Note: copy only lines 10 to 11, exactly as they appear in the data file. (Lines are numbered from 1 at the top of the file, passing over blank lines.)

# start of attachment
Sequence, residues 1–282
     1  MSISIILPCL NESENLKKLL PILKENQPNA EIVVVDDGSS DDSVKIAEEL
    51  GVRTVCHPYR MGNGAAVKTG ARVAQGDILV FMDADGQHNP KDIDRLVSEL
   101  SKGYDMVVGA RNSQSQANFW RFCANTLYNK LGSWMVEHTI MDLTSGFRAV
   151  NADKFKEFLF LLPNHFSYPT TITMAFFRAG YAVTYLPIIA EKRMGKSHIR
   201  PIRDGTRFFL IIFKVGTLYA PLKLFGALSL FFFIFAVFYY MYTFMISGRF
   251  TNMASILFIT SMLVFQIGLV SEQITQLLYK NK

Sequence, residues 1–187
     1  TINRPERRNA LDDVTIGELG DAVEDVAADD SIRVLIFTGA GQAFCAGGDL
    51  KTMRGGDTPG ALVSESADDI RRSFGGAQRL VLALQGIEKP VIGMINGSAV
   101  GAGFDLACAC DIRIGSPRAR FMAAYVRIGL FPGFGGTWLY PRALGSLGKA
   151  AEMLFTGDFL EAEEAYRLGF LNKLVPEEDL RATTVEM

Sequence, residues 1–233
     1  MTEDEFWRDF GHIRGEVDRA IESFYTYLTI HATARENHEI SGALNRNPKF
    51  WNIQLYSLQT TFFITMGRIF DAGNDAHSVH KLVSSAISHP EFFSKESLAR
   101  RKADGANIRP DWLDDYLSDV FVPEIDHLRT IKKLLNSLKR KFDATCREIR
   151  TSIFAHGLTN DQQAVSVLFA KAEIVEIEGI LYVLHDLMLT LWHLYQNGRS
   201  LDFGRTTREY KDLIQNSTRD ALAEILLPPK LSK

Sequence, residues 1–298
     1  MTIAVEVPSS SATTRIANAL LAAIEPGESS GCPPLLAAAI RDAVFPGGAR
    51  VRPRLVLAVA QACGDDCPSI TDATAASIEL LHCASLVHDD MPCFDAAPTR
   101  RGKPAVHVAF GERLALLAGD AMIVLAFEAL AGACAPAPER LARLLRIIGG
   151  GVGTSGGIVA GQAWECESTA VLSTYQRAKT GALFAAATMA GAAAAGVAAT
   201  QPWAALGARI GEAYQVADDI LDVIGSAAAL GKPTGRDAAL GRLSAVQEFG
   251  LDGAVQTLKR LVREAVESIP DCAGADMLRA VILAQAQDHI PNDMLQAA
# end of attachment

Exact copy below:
    51  KTMRGGDTPG ALVSESADDI RRSFGGAQRL VLALQGIEKP VIGMINGSAV
   101  GAGFDLACAC DIRIGSPRAR FMAAYVRIGL FPGFGGTWLY PRALGSLGKA